Refugees currently undergo the most rigorous security screening process of anyone who comes to the United States.
AILA Doc No. 04032614 | Dated March 26, 2004 | File Size: 97 KDownload the Document
ICE Press Office
U.S. Department of Homeland Security
March 26 , 2004
Contact: Sue Brown 404-331-0253 ext 5617
ICE EXPANDS PILOT PROJECT TO DETAIN DEPORTABLE ALIENS
Atlanta, GA- A new Department of Homeland Security (DHS) pilot program aimed at reducing the number of illegal aliens on American streets will soon be expanded into Atlanta and Denver, officials with U.S. Immigration and Customs Enforcement (ICE) announced today.
Currently, ICE's Office of Detention and Removal Operations (DRO) is conducting the "Hartford Pilot Program" in Hartford, Connecticut, to determine the impact of detaining aliens who have been issued final orders of removal. Typically these aliens are afforded several weeks to reappear for their deportation by the immigration courts. By immediately detaining these aliens, ICE hopes to ensure that those who have been issued removal orders are removed swiftly and efficiently.
Each year, more than 40,000 non-detained aliens fail to leave the United States as ordered after they have been granted voluntary departure or are ordered removed by an immigration judge. These alien "absconders", allowed to remain at liberty during the immigration hearing process, add to a growing backlog of more than 400,000 absconders who must be apprehended by ICE and removed from the United States. Approximately 80,000 of these alien absconders are criminals.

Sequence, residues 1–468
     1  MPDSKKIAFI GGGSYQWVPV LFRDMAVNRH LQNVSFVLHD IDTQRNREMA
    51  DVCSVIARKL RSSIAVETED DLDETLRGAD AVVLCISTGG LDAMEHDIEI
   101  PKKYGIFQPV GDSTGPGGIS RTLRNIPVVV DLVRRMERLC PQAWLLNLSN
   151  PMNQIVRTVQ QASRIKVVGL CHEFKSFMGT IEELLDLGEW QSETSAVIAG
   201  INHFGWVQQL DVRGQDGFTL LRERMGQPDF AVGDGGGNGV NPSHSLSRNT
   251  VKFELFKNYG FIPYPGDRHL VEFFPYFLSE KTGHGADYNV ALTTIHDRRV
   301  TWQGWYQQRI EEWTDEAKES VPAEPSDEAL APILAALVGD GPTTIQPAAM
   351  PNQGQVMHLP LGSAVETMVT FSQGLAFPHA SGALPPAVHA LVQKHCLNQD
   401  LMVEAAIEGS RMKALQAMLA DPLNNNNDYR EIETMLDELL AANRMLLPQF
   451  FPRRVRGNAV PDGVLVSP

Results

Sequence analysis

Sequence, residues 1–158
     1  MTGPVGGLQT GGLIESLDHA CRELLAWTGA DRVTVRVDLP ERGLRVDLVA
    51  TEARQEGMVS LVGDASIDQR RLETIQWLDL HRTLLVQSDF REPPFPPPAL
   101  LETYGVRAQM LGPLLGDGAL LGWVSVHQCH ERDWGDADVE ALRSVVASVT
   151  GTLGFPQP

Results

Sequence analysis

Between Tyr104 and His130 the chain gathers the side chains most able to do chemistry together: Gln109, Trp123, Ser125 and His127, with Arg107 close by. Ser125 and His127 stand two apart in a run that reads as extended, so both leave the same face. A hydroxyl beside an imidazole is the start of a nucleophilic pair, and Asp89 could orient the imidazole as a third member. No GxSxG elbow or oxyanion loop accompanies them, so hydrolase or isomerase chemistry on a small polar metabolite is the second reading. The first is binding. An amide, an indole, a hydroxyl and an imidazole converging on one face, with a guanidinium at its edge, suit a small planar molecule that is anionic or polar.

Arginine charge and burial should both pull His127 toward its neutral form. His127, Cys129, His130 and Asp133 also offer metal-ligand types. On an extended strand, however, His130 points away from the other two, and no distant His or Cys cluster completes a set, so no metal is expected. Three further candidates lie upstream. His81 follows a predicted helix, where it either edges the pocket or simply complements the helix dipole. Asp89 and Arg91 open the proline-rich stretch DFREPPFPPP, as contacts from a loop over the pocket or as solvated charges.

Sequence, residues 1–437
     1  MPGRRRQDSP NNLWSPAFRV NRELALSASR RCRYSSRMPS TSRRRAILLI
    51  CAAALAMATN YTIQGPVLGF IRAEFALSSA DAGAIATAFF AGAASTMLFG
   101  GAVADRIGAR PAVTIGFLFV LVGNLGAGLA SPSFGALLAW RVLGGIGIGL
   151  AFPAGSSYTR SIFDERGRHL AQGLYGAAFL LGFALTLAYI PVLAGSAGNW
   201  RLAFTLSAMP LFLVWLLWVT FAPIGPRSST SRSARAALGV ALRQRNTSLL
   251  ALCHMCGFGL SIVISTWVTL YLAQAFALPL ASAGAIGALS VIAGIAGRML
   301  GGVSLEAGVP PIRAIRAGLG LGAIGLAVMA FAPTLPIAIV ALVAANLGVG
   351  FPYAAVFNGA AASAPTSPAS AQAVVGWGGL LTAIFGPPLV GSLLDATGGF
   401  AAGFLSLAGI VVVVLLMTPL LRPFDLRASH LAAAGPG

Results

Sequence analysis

DHS Assistant Secretary for ICE Michael J. Garcia commented on the pilots: "The failure of these individuals to report for their removal dates has caused a critical backlog in the enforcement of our immigration laws. This pilot, as well as several others being explored by ICE, will help us to ensure the integrity of U.S. immigration laws."
A General Accounting Office review concluded in late 2001 revealed that only 15 percent of all aliens not detained immediately after an immigration judge orders their removal actually depart the country as ordered or are eventually located and removed by immigration authorities.
Conversely, the Hartford Pilot Project results so far have shown that 94 percent of aliens detained by ICE at the time of the immigration judge's order are removed from the United States. The remaining 6 percent generally cannot be removed due to diplomacy/foreign relations issues.
This undertaking by ICE's DRO is part of its strategic plan "Endgame," which targets more than 400,000 alien absconders currently in the United States for removal Other projects under "Endgame" include ICE's Electronic Monitoring Pilot, currently underway in five U.S. cities, as well as the soon to be implemented Intensive Supervision Appearance Program, which employ a number of tools and programs to improve monitoring and supervision of aliens who are released from detention while their immigration cases are pending. Through these initiatives, ICE's DRO is seeking to prevent further growth in the number of alien absconders and, in conjunction with increased fugitive operations, to eliminate the existing backlog of alien absconders.
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